Refuge by Gopal Gandhi is a novel that I picked up twice, and abandoned each time, after reading a few pages. Despite the appealing sonorous lyrical prose, written effortlessly in the most impressive manner, I was somehow unable to relate to it.
But, the childish romantic journal by Chocoholic Shadow left me craving for an intense, mature novel and in a moment of weakness, I grabbed ‘Refuge’. And, as I said earlier, my feelings and emotions do play an important role in my understanding of written work. Reading this novel in the light of my bruised and hungry intellect, I could value it much better this time.
The novel is set in the Tea Estates of Sri Lanka, and revolves around the lives of Tamil laborers and Sinhalese owners, belonging to altogether different strata, ethnicity and countries. However, both the communities are bound together by their needs. Tamilians want food and the owners want cheap labor. These basic needs force them to co-exist, to bear one another. However, both the communities consider their traditions and customs, superior to the other, and thus, strive to protect their individual identities by marrying only within their own communities, shunning the other.
But, is it really possible for youngsters to live such cocooned lives? What would happen, if the invisible boundaries are crossed and love blossoms? Would it shake the entire society and bring about a revolution or would it just die a silent death? Well, the novel explores all these possibilities and much more in the beautiful vistas of the Mardeniya Tea estates.
The Refuge explores the tragic lives of estate workers, manhandled by the urbane, rich, educated owners, running a feudal system. The victims face a double edged sword, as they are working in the lowest stratum of an alien society. The novel thread-bares the cruel profit making strategies of the tea company owners, who lure poor Indians, promise them huge money and get them smuggled into Sri Lanka, to live a life of neglect and back breaking hard labor.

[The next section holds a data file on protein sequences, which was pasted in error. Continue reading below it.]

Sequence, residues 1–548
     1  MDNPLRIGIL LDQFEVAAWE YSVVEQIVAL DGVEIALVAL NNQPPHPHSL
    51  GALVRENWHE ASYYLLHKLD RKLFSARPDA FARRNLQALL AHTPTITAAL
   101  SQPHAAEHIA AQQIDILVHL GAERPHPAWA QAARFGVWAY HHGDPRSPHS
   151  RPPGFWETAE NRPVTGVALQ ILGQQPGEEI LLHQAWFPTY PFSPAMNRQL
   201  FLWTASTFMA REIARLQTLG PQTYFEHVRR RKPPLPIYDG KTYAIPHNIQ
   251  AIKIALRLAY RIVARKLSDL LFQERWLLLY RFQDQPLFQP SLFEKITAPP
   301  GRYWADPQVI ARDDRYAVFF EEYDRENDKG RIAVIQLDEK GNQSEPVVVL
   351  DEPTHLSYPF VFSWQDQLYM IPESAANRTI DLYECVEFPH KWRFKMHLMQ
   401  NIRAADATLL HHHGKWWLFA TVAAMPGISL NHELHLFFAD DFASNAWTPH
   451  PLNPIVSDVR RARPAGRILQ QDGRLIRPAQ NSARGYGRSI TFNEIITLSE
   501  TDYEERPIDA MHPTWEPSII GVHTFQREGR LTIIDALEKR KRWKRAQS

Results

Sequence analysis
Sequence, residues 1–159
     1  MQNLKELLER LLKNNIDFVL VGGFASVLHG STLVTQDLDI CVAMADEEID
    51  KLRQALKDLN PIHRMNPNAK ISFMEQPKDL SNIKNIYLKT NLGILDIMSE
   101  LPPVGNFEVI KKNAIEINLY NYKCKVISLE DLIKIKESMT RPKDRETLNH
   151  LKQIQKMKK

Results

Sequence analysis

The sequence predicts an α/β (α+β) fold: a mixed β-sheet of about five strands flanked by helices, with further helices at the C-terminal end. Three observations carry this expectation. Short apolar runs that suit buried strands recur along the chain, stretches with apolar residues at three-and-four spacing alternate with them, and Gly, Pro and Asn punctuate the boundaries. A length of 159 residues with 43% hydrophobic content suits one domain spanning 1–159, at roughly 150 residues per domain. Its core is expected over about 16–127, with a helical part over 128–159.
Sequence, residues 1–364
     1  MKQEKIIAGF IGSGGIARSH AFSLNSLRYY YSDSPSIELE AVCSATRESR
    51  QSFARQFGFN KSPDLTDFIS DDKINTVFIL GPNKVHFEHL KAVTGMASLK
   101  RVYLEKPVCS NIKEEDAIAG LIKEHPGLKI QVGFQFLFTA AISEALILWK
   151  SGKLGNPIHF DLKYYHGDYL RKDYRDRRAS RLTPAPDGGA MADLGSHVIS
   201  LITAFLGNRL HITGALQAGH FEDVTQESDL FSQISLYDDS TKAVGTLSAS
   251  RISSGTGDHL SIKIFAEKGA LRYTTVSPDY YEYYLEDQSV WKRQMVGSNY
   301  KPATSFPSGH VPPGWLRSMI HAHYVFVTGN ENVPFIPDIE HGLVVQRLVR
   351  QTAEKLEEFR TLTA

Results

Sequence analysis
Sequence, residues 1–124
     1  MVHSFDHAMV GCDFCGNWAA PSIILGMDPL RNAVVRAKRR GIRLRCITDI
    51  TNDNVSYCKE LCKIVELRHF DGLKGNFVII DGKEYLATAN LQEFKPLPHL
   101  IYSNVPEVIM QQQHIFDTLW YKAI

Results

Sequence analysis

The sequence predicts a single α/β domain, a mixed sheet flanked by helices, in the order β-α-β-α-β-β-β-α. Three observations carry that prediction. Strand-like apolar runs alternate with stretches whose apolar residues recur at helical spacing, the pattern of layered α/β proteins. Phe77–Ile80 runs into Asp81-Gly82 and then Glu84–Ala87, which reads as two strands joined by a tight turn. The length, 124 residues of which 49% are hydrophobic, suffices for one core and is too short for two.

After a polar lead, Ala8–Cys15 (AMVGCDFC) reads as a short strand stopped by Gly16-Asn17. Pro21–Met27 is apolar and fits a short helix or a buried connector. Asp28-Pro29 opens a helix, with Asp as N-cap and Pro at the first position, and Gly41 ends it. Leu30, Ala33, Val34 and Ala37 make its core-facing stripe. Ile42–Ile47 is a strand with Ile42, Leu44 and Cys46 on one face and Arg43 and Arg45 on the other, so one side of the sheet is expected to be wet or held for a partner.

The first character to be introduced in this dark novel is that of Velu, a deaf mute, whom Gopal brilliantly describes as one on whom “after seven years of sounding silence from silence, a tranquility had settled”. Velu is the official conch blower(a desi version of siren), to signify the beginning and end of days. And, I must say, he is one character, who shines throughout the novel as a mute, but worthy spectator, and plays an important role in setting the mood of the novel and invokes readers’ sympathy at the beginning and rises to the level of a somewhat semi hero at the end.
Slowly, several other characters living on Line No. 7 of Craigavon estate were introduced – Kandan, his parents Perumal and Peramai, his daughters Valli and Thieva, the supervisors and the Oxford educated, morally upright, but ambitiously confused Nimal Rupasinghe.
In the beginning itself, Valli shows the capacity of being a heroine in this otherwise hero less novel. I am saying hero less, as there is hardly any character, who becomes more prominent than the others, with limelight shifting from one to another rapidly, in this ironically equal footed novel, showcasing the glaring differences between the rich and the poor.